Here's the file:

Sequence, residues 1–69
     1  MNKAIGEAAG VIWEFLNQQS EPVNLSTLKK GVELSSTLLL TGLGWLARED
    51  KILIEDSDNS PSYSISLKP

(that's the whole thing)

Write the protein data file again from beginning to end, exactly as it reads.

Sequence, residues 1–69
     1  MNKAIGEAAG VIWEFLNQQS EPVNLSTLKK GVELSSTLLL TGLGWLARED
    51  KILIEDSDNS PSYSISLKP